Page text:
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Tolerance and acceptace of gay nurses and patients

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QuarterLife88 has 5 years experience as a ADN, BSN, RN.

548 Posts; 12,894 Profile Views

I don't have any gay co-workers (that I know of), but I've had several gay patients and for some reason a few nurses who have given me report on these patients feel the need to mention that they are "flamboyant" or that they are gay at all. And I flat out ask them why that is relevant to anything. I don't care if someone is gay and will never understand the hang up against gay people. Why do you care who someone else is sleeping with? Mind 'yo business.

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1 Article; 630 Posts; 15,152 Profile Views

I'm not sure if I work with any RN's who are gay/homosexual but I think one of the aides is and it's all good. Everyone is respectful of everyone else. I used to work with an openly gay/homosexual RN at another hospital and it was the same there as well.

Those are good places to work!

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roser13 has 17 years experience as a ASN, RN and specializes in Med/Surg, Ortho, ASC.

6,504 Posts; 51,289 Profile Views

I am probably going to get hissed at for saying this....

I have a problem with this remedy becauses the child of the disrespectful parents is punished.

I also cringe at the thought that a 'screaming baby with no parents' would be used a tool for payback for disrespectful parents.

I get the sentiment but these actions involve using patients as pawns.

I think more appropriate means could be found to deal with this situation,

I agree. I felt a little guilty enjoying it.

It reminded me of a story that made the rounds recently (urban legend?) of a white airline passenger seated next to a person of color on the plane. The white woman rang for the steward and complained that no one should be forced to sit by an undesirable passenger. The steward agreed wholeheartedly and promptly transferred the black person an empty first class seat.

I love that story and no patients suffered in the making of it.

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psu_213 has 6 years experience as a BSN, RN and specializes in Emergency, Telemetry, Transplant.

3,869 Posts; 28,035 Profile Views

The only time we had an issue- in the hospital- was when one of our patients with 2 dads was in a double room. Her roommate's parents happened to be bigoted and when they overheard a conversation or picked up on the fact that there was a child in the second bedspace who was being raised by 2 men they requested a room change. So we moved the other patient and put a parentless screaming baby in with the family who complained. We weren't going to subject one of the nicest families we'd ever had on the floor to that kind of bigotry when their baby was very sick.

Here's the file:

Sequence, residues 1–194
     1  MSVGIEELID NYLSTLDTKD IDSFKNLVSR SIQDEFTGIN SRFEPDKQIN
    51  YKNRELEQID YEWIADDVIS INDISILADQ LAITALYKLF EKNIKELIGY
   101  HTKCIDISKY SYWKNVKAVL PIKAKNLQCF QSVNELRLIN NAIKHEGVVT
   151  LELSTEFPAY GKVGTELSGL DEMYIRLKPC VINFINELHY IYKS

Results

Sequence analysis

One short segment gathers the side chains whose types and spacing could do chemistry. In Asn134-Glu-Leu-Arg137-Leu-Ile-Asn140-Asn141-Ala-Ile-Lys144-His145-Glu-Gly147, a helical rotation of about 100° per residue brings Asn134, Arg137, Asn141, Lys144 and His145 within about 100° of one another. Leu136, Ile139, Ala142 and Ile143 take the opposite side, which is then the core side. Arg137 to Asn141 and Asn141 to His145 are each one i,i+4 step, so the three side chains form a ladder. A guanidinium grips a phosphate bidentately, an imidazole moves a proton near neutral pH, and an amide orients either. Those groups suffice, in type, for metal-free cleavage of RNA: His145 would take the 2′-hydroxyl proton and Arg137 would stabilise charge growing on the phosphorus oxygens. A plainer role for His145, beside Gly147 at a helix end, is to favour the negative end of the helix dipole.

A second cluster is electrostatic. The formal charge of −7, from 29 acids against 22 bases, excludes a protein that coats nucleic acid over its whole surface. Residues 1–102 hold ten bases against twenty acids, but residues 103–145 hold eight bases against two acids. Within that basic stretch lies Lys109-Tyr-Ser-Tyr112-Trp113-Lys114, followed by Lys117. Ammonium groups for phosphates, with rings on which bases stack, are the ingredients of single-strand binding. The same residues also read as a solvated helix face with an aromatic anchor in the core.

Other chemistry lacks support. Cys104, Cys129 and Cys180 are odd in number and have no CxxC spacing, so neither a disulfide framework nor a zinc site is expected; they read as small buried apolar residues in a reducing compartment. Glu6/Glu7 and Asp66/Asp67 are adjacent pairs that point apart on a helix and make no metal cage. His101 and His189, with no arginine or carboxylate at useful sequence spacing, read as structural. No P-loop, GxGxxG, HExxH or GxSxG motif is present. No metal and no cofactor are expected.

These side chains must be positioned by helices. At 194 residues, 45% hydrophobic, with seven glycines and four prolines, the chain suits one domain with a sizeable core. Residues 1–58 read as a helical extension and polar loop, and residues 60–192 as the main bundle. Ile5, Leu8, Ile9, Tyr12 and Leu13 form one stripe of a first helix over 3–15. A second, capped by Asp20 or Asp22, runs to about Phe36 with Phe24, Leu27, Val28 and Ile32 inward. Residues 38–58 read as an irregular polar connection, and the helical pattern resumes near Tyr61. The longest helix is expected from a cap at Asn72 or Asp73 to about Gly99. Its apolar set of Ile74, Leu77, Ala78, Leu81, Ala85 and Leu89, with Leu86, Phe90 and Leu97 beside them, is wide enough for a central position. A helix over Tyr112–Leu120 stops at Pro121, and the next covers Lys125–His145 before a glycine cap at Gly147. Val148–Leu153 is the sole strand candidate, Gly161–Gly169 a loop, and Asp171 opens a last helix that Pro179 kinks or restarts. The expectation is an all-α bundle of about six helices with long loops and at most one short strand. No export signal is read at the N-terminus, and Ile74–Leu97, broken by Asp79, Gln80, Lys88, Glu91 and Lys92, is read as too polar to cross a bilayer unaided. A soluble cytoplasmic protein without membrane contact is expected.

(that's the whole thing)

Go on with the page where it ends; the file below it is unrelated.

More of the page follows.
That should be one of the patient placement questions they ask on the NCLEX! (I kid--I realize the issues surrounding this room assignment.)

Edited by psu_213

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by Guest

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I am a recovering bigot.

I was raised in a time and place where bigotry against LGBT people was the norm and publicly practiced. As I aged, the majority of the people in my social group remained bigoted towards LGBTs -- not antipathetic, just bigoted... a them-and-us kind of thing.

This attitude continued for me for a very long time. I didn't have a 'problem' with gay people but I definitely saw them as something different than me... as a 'them.' Even as I would leap to criticize a family member who emphatically stated that he would disown one of his children were they to be gay, deep in my heart I would still identify gay people as 'gay' and straight people (some other label of bigotry notwithstanding) simply as 'people' (if that makes sense).

While I was in nursing school, we did a unit on LGBT healthcare issues and my own bigotry started to be more revealed to myself. Through a family Facebook post with a rainbow painted on the cheek of my alpha-male bro-in-law, it finally became crystal-clear to me that I had this deep-seated bias against gay people. At the same time, one of my most-favored classmate began sharing some of her experiences as a gay woman and I began to come to terms with the number of times in my life that I had probably marginalized LGBT people. I was horrified because this is not at all how I view myself. Having spent most of my adult life working with people of various races and religions, I'd been authentically accepting of them as one of "me" but it turns out that I'd long-ago accepted the caricatures and stereotypes of gay people that I'd been seeing since I was a child. Nearly everybody else was a "me" but gay people remained a "them."